|Clair and Maria. Completely sober of course...|
|Irish Dancing in a VERY small area|
|Me joining the Americans in pretending I'm Irish|
Anyways, the party carried on inside an apartment, with some drunken Irish dancing dance off going on and general revelry to Flogging Molly and The Drop Kick Murphys. As expected however, the party came to an end when one of the guys who lived there got freaked out by the heavy police presence and kicked everyone out. Which lead to a rather long hunt for food by the rest of us, and movement onto a house off campus and another party. This was good fun, with a DJ type set up (ok a laptop plugged into speakers) and a keg in the corner. We stayed there drinking away for a good number of hours until the beer ran out and an argument between a member of our group and some girl who lived there meant we were asked to leave. By this point it was around 11:30 and we’d been drinking for a while. A long old while. And staying on the other side of town meant a fair journey back, having to catch the last T’s all the way. So uncharacteristically for me, being SO knackered from the weekend I wanted to head back to bed.
The next morning I was on my own, as Katie was going to see some family elsewhere in Boston. The St. Patricks Day Parade was being held in town, and so I wanted to go have a look. Being all touristy and that! I got to Broadway (where the parade was being held) waaaaay too early - so early that they hadn’t even finished putting up the railings to keep crowds back – and as such I was incredibly confused as to the route the Parade was going to take. After speaking with an incredibly unhelpful cop (what a surprise not…) I just followed the crowds of people and ended up in quite a good spot. Thankfully! Having to wait a while for the parade (being there so early!) meant I got to chat to a few people, including a couple from Germany (funny that!) and a young family from Boston, whose kids enjoyed jumping all over my daysac I had my stuff in. The parade itself was good, and I had no idea what to expect. It seems however that somewhere over time the Americans have got confused with what Irish things are, as there were a huge amount of bagpipe bands and players. Correct me if I’m wrong, but I’m pretty sure bagpipes are Scottish not Irish…. But anyways, there was an interesting mix of music, dancers, formations of vehicles and weird things like Star Wars role players (yeah, my thoughts exactly), Army recruiters, and – bizarre to me - lots of political candidates for various positions using the parade as a advertising opportunity. Don’t think I would ever have seen that in a parade in the UK. But then again I think our political system works slightly different in that respect! I enjoyed the parade however, until realising the time and having to make my way to the airport, fighting massively against the crowd to get to the T stop. Luckily I made it to the airport in time to watch the first half of the UNC game that day. Perfect!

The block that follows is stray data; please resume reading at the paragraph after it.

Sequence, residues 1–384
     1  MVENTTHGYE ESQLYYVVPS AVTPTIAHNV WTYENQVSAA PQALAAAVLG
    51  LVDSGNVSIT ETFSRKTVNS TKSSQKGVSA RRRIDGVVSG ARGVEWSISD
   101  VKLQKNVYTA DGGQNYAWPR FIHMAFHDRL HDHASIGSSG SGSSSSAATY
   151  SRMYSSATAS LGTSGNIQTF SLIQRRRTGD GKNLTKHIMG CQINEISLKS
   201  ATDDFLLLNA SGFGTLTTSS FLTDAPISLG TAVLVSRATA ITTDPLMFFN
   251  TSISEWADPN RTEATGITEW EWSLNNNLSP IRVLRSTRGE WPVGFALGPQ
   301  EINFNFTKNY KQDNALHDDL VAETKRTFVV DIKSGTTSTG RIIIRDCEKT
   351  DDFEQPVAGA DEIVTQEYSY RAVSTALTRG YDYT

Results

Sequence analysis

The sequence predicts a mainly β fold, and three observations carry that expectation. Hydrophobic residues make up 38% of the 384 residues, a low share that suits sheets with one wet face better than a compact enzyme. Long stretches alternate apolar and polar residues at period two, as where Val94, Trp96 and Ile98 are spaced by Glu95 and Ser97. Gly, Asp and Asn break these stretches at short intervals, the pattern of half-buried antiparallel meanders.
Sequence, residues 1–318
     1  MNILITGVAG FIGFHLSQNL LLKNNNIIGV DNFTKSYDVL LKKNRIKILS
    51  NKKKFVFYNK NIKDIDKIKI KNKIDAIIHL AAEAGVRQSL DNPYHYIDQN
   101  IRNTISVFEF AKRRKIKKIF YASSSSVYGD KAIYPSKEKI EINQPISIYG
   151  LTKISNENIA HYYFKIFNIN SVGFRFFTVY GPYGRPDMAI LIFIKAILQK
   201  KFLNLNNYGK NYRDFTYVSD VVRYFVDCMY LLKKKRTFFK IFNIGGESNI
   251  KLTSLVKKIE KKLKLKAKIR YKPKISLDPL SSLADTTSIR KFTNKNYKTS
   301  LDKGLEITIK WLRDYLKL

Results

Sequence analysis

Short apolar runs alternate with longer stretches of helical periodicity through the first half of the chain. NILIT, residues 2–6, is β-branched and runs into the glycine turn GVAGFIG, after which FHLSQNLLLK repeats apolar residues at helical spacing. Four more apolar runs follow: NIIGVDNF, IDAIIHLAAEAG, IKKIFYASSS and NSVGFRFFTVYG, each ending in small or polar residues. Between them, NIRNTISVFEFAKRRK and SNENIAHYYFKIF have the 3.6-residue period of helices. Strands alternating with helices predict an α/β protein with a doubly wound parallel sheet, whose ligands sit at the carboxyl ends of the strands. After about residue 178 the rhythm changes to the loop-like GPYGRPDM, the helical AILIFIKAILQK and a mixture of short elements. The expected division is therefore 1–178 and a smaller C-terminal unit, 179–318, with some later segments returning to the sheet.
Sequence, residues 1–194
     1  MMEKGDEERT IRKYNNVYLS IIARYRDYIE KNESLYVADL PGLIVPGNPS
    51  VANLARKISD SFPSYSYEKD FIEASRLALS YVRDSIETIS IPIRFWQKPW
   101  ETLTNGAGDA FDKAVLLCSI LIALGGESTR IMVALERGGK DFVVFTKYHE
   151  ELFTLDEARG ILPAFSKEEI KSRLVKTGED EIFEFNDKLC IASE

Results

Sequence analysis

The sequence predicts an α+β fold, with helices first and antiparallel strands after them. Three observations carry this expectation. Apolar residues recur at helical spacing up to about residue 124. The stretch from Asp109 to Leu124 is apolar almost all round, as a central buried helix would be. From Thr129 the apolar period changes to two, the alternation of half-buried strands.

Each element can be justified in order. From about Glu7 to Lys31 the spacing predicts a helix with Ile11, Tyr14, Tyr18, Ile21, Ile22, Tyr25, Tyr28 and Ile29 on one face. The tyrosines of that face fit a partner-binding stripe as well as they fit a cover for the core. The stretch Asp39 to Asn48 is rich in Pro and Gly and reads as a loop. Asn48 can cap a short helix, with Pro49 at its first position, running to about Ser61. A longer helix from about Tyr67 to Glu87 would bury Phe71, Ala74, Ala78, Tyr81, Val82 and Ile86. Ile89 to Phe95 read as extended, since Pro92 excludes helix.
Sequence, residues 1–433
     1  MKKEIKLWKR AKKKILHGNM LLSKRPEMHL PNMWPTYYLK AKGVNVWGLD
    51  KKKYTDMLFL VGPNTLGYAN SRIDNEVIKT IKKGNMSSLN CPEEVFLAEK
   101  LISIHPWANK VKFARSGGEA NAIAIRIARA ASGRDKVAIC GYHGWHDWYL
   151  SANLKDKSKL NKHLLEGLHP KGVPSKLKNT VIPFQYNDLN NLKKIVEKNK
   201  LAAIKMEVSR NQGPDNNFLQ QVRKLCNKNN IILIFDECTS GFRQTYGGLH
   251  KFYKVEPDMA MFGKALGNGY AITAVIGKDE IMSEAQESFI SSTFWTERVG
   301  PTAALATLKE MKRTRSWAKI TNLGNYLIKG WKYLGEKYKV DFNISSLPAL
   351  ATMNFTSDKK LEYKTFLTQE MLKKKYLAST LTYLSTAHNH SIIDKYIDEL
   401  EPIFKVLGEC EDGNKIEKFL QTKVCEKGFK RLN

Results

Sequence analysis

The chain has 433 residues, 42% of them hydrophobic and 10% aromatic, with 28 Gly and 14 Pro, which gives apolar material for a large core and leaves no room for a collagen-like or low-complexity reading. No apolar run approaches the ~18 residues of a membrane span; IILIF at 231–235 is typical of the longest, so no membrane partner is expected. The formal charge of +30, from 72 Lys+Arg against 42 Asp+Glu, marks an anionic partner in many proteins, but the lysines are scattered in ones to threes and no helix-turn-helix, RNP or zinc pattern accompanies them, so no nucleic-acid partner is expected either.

|One of the slightly more bizarre aspects of the parade|
I really enjoyed Boston as a city; a really beautiful place. Very northern though in comparison to other cities such as Atlanta, but a lot more friendly that NYC (in my opinion that is). The atmosphere of St. Paddies day really gave the city a buzz, and it was great to see how other places celebrate St. Paddies day, with Americans going mental for it. Guess should have seen that coming really! Have to say however, I do prefer the South with its warmer weather and more laid back polite ways of life. Just don’t tell those Northern Yankees!